QoS can be divided into three different levels, also referred to as service models. These service models describe a set of end-to-end QoS capabilities. End-to-end QoS is the network's ability to provide a specific level of service to network traffic from one end of the network to the other. The three service levels are best-effort service, integrated service, and differentiated service.

Best-Effort Service

Best-effort service is when the network will make every possible attempt to deliver a packet to its destination. With best-effort service, there are no guarantees that the packet will ever reach its intended destination. An application can send data in any amount, whenever it needs to, without requesting permission or notifying the network.

Integrated Service

The integrated service model provides applications with a guaranteed level of service by negotiating network parameters end to end. Applications request the level of service necessary for them to operate properly and rely on the QoS mechanism to reserve the necessary network resources prior to the beginning of transmission. The application will not send traffic until it receives confirmation that the network can handle the load and provide the requested QoS end to end. To accomplish this task, the network uses a process called admission control.

Cisco IOS uses RSVP and intelligent queuing. RSVP is currently in the process of being standardized by the IETF in one of its working groups. Intelligent queuing includes technologies such as Weighted Fair Queuing and Weighted Random Early Detection (WRED).

RSVP works in conjunction with the routing protocols to determine the best path through the network that will provide the QoS required. RSVP routers create dynamic access lists to provide the QoS requested to ensure that packets are delivered at the prescribed minimum quality parameters.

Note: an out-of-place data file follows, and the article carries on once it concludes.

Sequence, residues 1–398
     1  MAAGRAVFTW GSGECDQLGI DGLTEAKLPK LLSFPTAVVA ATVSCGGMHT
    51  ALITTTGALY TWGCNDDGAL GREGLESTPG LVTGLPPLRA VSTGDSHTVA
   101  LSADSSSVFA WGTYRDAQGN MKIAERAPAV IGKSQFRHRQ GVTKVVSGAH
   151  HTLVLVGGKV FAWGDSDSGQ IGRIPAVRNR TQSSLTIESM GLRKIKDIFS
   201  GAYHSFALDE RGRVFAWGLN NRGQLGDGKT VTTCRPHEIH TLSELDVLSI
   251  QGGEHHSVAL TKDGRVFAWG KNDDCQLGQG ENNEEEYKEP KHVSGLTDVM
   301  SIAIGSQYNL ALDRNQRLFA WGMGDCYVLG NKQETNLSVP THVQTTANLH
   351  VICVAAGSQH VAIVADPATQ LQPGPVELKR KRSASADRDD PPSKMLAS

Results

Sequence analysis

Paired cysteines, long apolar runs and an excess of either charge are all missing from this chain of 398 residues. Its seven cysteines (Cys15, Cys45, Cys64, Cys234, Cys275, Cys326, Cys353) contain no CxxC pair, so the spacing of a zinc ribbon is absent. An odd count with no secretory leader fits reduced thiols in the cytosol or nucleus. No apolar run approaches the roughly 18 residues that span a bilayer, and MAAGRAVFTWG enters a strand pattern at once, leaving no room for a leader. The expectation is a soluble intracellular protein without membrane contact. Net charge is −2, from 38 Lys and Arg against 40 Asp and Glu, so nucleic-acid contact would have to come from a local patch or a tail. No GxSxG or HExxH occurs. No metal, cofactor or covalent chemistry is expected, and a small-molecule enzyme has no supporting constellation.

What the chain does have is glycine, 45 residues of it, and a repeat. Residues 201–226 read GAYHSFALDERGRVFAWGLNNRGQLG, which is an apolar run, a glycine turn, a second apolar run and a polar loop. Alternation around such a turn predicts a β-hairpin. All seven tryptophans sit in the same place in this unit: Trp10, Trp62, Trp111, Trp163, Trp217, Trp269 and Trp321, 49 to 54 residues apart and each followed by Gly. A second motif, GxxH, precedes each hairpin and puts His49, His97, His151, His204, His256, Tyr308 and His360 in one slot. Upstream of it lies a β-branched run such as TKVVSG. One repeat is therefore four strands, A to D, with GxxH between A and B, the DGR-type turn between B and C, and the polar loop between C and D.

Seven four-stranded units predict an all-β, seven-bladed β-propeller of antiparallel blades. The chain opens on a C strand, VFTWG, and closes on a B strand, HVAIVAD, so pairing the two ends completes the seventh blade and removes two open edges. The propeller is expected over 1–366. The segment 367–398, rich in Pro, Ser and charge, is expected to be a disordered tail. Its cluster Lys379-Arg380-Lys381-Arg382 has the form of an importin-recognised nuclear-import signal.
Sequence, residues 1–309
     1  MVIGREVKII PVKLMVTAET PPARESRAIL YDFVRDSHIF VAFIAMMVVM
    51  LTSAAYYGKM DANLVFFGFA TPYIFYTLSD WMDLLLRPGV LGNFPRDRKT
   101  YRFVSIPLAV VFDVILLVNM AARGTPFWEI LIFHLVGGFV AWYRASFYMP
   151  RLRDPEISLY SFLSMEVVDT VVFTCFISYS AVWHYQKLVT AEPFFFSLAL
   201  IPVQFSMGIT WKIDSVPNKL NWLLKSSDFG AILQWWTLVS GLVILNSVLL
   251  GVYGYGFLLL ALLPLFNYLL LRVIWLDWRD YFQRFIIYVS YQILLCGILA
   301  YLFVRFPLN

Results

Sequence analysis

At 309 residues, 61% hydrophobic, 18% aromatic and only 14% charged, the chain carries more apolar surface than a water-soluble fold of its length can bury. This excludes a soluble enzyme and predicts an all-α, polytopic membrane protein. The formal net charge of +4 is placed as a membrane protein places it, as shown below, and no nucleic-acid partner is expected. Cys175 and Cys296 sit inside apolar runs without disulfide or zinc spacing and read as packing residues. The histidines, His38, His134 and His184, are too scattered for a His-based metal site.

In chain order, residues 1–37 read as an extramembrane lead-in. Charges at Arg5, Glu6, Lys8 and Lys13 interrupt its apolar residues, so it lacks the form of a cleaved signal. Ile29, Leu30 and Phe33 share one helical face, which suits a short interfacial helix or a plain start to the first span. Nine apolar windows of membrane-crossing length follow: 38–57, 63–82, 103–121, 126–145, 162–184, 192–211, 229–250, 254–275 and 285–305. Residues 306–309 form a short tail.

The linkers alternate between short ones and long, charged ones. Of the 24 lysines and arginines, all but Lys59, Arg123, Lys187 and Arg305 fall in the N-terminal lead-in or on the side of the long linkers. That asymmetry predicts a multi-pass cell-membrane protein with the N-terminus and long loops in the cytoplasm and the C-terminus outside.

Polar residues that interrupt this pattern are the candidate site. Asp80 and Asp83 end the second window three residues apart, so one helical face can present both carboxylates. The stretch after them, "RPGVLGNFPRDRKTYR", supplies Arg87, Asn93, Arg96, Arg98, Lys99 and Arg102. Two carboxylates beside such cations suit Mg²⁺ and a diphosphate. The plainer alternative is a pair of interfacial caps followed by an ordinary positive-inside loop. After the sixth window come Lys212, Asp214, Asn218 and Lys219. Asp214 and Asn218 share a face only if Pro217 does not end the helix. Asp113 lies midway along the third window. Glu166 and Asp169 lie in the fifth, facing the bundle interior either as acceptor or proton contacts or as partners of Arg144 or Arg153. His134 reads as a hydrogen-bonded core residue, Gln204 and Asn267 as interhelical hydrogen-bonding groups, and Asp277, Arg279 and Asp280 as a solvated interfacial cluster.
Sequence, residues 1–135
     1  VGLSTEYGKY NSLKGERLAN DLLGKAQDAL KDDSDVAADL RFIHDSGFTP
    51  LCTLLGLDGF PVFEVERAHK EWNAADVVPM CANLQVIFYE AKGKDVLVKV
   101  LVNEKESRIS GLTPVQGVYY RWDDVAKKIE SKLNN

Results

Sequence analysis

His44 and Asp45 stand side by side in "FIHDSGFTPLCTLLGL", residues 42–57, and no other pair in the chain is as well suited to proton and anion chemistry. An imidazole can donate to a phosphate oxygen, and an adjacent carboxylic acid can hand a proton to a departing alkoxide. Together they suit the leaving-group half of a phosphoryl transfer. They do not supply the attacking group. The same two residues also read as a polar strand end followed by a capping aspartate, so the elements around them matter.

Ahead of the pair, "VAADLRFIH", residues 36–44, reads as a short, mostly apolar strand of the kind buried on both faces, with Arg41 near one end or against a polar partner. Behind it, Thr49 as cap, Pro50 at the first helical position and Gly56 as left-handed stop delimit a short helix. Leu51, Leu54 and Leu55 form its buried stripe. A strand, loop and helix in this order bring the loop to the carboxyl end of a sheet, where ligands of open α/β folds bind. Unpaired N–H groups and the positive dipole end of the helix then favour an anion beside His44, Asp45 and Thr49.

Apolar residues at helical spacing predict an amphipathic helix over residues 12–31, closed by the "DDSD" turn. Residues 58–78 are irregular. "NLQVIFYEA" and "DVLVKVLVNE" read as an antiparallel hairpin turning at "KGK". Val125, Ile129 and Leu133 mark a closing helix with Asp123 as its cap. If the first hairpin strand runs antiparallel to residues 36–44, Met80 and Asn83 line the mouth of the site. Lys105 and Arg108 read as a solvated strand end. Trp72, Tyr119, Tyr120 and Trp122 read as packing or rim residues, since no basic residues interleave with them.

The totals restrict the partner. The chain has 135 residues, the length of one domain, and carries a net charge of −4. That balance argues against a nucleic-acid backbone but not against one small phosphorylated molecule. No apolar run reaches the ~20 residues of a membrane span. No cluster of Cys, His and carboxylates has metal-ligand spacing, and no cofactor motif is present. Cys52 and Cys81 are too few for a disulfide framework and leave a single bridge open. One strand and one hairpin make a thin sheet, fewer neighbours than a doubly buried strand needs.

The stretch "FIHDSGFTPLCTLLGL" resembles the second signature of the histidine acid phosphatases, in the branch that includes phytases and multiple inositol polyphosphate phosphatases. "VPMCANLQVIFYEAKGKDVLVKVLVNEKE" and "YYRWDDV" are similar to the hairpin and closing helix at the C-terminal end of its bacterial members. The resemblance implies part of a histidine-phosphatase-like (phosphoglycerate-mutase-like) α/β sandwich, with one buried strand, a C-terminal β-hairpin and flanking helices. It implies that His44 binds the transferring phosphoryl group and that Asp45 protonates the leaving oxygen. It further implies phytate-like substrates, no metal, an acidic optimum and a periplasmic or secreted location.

Differentiated Service

Differentiated service includes a set of classification tools and queuing mechanisms to provide certain protocols or applications with a certain priority over other network traffic. Differentiated services rely on edge routers to perform the classification of the types of packets traversing a network. Network traffic can be classified by network address, protocols and ports, ingress interfaces, or whatever classification that can be accomplished through the use of a standard or extended access list.

Why QoS Is Essential in VOIP Networks

The challenge facing a converged infrastructure is to provide the efficiency of a packet-switched network with the reliability of a legacy network. This is the role that QoS fills.

QoS, through a variety of methods, gives reliability and availability to a converged infrastructure and still affords it the same benefits of efficient utilization of resources by providing the following:

  • Managed response times

  • Jitter (variation in delay) control

  • Prioritization of delay-sensitive traffic

  • Congestion management

  • Congestion avoidance

  • Support and enforcement of dedicated bandwidth requirements

  • Management and recovery of packet loss

With QoS, converged infrastructures can provide end users with a convenient, low-cost, scalable, and above all, reliable solution for the majority of their communications. Without QoS, a converged infrastructure would be comparable to anarchy, with little to no reliability, convenience, or scalability—to a level where a single FTP session could shut down your entire VoIP infrastructure.